Letters

October 12, 2003

The Mia Generation

As an avid reader of your magazine, I have enjoyed countless
swimsuit issues. After reading Gary Smith's The Secret Life of
Mia Hamm (Sept. 22), I believe Mia's persistence, work ethic,
courage, humility and kindness make her the sexiest female to
ever grace SI's cover. Nomar's a lucky guy!
KEVIN J. HASTIE, Clarks Summit, Pa.

To see her accomplishments, all Miahamm (it's one long word for
my seven-year-old, soccer-playing daughter) needs to do is cruise
across America's soccer fields and watch the sea of girls playing
the game.
JONATHAN SCHWARTZ Dix Hills, N.Y.

I don't believe that this lavish treatment of one female
superstar will make up for your generally pathetic coverage of
women's sports.
BERNIE KROLL Lafayette, Ind.

The league she plays in was just shut down, mainly due to lack of
interest. It's pretty apparent that nobody cares about her sport,
so why put her on the cover?
CHRIS MARTIN, Little Elm, Texas

Don't give me victories. Give me heart. Thank you, SI. Thank you,
Gary Smith. Most of all, thank you, Mia Hamm.
CLIFTON HESTER, Wilmington, N.C.

Stick to sportswriting, and leave the psychoanalysis to trained
professionals.
JENNIFER DUGGAN, Wethersfield, Conn.

Gary Smith makes guys cry.
DENNIS BROMKA, Portland

Missing the Hits

I don't know what fight Richard Hoffer was watching, but from the
couch I was on, Oscar De La Hoya got robbed--again (A Super
Lightweight Conspiracy Theory, Sept. 22)! Maybe I just don't
understand the rules of boxing, but when you win two thirds of
the rounds and land almost 100 more punches than the other guy,
you should win. I have not talked with one person who saw the
fight who agrees with the decision.
SHAWN SALHOFF, Pleasanton, Calif.

Dawg House

Perhaps the drastic action of Gordon Gee, Vanderbilt's
chancellor, in eliminating the athletic department is needed to
curtail the frequent excesses of college sports (Scorecard, Sept.
22). Indeed, two pages later you report that Georgia athletic
boosters spent $309,000 to "refurbish and maintain" athletic
director Vince Dooley's home. I'm sure Georgia's scholarship fund
could have put that money to good use.
MICHAEL B. GREENE Lexington, Mass.

Texas Justice

Tom Verducci does a disservice to Houston in his description of
the "crumbling, condemned buildings" around Minute Maid Park
(Houston, We Have Liftoff, Sept. 22). Like several other major
league cities (Baltimore and Denver come to mind), Houston is
revamping much of its downtown, which now boasts a variety of
trendy restaurants and loft apartments. Just down the street from
the ballpark, one of the most charming venues in the majors, is
the NBA Rockets' new arena. Sure, Texans love football, but some
of the best playoff baseball of the past two decades has featured
players representing Houston.
RANDY SCHULTZ, Sherman Oaks, Calif.

Obesity Observed

Rick Reilly hit the nail on the head with The Fat of the Land
(THE LIFE OF REILLY, Sept. 15). As an exercise physiologist,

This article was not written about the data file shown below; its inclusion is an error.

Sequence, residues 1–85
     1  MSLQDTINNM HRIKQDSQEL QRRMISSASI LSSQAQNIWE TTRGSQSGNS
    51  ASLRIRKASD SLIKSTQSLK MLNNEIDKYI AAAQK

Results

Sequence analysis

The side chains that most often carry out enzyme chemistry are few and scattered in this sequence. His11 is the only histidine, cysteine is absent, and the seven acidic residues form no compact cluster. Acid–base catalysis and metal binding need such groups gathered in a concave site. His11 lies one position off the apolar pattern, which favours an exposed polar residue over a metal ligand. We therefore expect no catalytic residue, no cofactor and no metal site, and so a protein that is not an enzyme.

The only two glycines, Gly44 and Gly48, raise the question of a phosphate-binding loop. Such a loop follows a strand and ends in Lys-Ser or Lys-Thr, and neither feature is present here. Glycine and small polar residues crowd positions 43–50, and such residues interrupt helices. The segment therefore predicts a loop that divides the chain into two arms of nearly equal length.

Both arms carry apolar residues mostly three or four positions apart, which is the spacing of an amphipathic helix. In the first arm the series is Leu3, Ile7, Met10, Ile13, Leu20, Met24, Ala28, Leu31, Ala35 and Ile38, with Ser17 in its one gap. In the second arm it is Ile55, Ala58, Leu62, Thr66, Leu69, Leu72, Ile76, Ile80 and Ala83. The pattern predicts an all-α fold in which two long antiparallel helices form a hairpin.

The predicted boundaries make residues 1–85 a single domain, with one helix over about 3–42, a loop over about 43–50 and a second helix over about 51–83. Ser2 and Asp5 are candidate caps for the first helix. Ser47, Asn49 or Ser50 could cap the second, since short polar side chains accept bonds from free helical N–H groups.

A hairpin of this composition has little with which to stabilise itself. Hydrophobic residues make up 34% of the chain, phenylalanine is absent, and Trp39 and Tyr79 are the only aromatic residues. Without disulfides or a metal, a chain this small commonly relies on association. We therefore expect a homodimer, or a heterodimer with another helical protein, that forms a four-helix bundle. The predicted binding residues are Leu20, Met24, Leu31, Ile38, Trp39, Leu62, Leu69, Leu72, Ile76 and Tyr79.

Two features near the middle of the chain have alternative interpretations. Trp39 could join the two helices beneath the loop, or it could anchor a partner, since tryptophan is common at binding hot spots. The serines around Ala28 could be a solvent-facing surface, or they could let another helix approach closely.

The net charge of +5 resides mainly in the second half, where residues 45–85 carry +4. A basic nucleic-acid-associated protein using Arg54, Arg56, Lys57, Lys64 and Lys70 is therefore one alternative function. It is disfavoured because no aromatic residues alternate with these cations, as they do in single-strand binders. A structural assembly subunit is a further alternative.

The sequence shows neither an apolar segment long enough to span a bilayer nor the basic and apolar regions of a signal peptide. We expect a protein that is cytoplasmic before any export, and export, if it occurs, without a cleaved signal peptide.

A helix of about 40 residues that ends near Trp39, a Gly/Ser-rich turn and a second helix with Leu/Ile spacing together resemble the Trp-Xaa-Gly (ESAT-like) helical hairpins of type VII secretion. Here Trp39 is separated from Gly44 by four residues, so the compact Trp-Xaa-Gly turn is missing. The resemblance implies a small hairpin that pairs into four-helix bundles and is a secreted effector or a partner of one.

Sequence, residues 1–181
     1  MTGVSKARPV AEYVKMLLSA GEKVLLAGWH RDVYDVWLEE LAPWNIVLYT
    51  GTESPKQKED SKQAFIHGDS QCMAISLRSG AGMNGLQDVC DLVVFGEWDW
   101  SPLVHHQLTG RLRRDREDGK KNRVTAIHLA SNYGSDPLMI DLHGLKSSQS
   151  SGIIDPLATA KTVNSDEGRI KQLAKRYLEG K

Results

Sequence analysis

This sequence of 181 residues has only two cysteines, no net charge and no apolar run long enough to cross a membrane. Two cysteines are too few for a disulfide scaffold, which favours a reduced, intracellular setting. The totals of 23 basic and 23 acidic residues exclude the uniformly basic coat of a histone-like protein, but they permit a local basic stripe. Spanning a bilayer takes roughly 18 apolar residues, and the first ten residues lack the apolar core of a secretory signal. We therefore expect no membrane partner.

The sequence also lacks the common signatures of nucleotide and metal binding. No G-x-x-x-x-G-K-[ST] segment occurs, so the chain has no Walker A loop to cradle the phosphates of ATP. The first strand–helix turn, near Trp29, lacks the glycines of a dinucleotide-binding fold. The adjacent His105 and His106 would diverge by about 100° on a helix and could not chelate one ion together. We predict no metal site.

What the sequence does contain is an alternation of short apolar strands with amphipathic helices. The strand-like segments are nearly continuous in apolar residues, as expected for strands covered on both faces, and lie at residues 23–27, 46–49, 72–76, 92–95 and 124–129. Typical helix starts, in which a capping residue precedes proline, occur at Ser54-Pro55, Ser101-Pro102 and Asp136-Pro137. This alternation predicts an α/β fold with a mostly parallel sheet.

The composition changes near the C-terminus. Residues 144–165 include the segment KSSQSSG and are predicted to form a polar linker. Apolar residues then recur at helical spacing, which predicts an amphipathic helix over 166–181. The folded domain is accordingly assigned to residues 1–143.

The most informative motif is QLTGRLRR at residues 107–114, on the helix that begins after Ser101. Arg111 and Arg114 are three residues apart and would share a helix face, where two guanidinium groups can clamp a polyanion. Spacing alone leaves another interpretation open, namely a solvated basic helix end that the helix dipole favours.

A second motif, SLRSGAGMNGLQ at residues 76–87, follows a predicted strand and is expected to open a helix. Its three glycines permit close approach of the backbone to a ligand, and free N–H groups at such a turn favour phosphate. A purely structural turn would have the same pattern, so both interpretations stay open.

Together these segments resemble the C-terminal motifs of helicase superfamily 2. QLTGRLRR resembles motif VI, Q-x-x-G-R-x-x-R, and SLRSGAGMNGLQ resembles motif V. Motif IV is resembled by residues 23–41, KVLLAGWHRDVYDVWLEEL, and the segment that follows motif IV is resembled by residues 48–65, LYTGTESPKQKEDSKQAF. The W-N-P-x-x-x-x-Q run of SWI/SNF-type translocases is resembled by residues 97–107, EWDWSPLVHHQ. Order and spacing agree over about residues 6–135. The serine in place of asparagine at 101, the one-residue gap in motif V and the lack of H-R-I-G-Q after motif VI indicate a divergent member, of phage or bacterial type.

college P.E. instructor and owner of a personal training
business, I can't tell you how many parents call to inquire about
personal training services for their overweight 13-year-olds.
Don't they realize that they created the problem with $5 Happy
Meals and $200 video games? I guess they think that spending $65
an hour on a trainer will fix the problem.
LISA KUESEL TRAYNOR, Malvern, Pa.

My wife, Patty, uses the acronym NOP for Nation of Porkers, which
is what the good old U.S.A. is becoming. TV, computers, chips and
cookies have replaced driveway hoops, sandlot baseball, fruits
and vegetables. The NOP begins with parents making excuses.
SAM ARDERY, Bloomington, Ind.

As a nursing student who studies childhood obesity and the
diseases that come with it, I applaud LeBron James for his
campaign against this problem. It's good that at least one
athlete is concerned with the impression he makes on the
athletes--and nonathletes--of tomorrow.
JULIE LINTON, Martinsburg, W.Va.

Not long ago I was a "Little Leaguer so fat his blood type [was]
Cheetos." However, in the last three years I've started running,
lifting weights and watching what I eat. The results have been
phenomenal.
ALEX LURIE, Minneapolis

I am a 17-year-old in the top 10 of my class, a former baseball
and soccer all-star, a participant in multiple honor choirs and a
youth baseball coach, all while working at a local card shop.
While I weigh more than 220 pounds, I can still run a 7:40 mile
and beat half of my 14- and 15-year-old team members around the
bases. Well, if Reilly wants to start doing my homework and
handling my baseball practices, singing rehearsals, shifts at the
shop and the 7 1/2 hours at school that I must juggle every day,
then he can tell me how fat and incapable I am.
MIKE STEELE, Elk Grove, Calif.

Reilly should stop worrying about our youth being in poor shape.
We've obviously decided to raise them for veal.
DON GISSELBECK, Missoula, Mont.

COLOR PHOTO: ROBERT BECK

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